We really hope that by modelling Jamii Bakery-Cafe as a place of excellent quality, service and courtesy, it will inspire other places around to raise their game. We have an important meeting at the end of this week regarding staffing and live in hope this is something that can be done.

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Monday’s clinic is in a corrugated iron church, full of character and life. We connect a 50 meter extension cable to the local dispensary, the nearest electricity point and commence the days work as the queues grow.

We have recently employed local guides to help us find more people. So far this seems to be working really well. We give them the list of study patients a few days in advance and incentivise them with a reward for each study patient that is brought to the clinic and completes their examination.

I hear the roar of a motorbike outside. Stew the app designer has arrived to the GPS location I sent him. He observes the phone being used to test some patients and finds a dusty corner to whip out his laptop and make some modifications. A small crowd gathers to watch this mzungo man (whiter then me!) tapping away at a laptop. Within an hour an improved version of the app is working – some great progress is being made.

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Recipe – Ginger Shortbread Biscuits

Ingredients: Makes about 20

200g unsalted butter softened

100g castor sugar

260g plain flour

40g rice flour or corn flour

½ tsp ground ginger

Pinch of salt

50g chopped crystallised ginger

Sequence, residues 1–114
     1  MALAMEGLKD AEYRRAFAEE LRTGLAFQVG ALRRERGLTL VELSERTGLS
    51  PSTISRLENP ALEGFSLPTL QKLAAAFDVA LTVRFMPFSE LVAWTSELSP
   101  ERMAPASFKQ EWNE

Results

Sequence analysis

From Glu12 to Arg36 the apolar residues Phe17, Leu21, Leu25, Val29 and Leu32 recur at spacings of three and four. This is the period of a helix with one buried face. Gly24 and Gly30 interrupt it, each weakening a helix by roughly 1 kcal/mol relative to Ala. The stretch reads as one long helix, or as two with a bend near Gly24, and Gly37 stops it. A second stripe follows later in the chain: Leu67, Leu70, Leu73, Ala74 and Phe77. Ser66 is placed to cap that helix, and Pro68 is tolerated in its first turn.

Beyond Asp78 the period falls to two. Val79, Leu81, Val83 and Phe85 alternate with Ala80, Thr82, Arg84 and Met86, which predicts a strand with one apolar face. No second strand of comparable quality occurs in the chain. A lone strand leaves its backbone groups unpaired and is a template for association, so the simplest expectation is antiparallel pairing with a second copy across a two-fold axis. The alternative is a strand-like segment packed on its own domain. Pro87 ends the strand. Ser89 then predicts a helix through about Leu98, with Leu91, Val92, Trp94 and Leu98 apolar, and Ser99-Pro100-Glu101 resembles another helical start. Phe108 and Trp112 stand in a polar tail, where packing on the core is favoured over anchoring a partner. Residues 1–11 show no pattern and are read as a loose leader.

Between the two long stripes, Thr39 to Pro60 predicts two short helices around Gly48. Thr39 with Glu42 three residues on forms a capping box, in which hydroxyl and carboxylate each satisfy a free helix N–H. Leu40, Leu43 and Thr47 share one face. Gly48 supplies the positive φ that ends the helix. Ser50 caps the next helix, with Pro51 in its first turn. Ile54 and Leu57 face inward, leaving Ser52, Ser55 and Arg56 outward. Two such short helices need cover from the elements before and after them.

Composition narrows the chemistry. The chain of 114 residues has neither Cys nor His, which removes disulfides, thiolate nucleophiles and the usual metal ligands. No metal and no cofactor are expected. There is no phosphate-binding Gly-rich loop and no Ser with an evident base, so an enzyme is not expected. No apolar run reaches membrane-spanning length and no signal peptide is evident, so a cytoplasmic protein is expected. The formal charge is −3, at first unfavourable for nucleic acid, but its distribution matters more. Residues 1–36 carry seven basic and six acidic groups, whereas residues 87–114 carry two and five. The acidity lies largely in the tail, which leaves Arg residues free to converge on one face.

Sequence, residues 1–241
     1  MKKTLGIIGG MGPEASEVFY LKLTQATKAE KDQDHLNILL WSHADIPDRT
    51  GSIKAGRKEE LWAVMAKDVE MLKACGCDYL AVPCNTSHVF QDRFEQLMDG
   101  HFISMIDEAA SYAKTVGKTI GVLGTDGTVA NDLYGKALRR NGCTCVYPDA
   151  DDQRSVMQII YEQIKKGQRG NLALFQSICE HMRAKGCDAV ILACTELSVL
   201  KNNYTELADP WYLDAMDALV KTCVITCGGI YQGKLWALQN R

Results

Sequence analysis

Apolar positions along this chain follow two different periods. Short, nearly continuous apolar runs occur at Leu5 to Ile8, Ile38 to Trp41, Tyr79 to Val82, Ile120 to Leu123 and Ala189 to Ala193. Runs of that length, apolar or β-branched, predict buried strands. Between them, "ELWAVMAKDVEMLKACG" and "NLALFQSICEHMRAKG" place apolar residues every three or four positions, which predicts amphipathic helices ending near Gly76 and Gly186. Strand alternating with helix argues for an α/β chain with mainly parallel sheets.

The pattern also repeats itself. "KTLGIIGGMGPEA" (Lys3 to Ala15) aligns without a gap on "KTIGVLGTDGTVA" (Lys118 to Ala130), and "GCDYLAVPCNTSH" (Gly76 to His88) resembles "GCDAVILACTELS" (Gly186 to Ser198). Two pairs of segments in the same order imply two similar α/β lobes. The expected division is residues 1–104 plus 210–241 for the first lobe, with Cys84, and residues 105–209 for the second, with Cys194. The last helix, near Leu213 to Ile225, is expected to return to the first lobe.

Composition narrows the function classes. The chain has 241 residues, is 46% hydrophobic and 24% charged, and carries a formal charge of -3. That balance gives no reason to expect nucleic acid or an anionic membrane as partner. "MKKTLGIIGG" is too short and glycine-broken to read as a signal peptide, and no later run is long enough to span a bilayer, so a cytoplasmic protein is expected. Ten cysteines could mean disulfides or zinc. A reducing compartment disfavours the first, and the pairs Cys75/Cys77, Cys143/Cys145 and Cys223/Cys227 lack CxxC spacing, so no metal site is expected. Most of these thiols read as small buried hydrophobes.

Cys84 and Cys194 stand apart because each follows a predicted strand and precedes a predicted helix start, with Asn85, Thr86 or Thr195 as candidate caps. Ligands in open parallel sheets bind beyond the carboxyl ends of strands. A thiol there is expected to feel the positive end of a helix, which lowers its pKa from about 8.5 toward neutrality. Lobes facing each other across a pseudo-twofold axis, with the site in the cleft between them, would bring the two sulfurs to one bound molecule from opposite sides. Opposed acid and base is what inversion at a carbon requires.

Method:

  1. Beat the butter until it is very soft then beat in the sugar.  Best to use slightly softened butter that is not straight from the fridge.
  2. Add all the other ingredients and with your hand bring all the ingredients together to form a dough.
  3. Wrap the dough in cling film and place in the fridge for 30mins.
  4. Pre-heat the oven to 170°C.  Slightly flour the surface, place the dough on the surface and slightly flour the top of the dough and rolling pin then roll out to 1cm thick and use what ever shape cutters you feel like to cut out.
  5. Place on baking parchment and bake for 12 mins ish.  They should be just showing the very first signs of browning as you take them out.  I was putting Lucas to bed whilst baking these ones…always a challenging combination but resulted in slightly darker biscuits, still yummy though!
  6. Let cool on the tin(approx 15mins) until firm enough to transfer to wire racks.

The corrugated iron church was today’s examination centre, a fair number were waiting when we arived

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Inside the church we get the kit out and get going

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Pork Pies and Adjustable Eyes…

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The queue looks endless, I slide back the dark curtain that keeps us in semi-darkness away from the window. What seems like hundreds of faces peer back at me. Head down again and on with work. Our advance teams have excelled recently and records are being broken for attendance. We amazingly managed an 80% follow-up of the people seen here almost 6 years ago and along with all our study patients, many other people with eye problems (and other ailments) join the queue to be seen.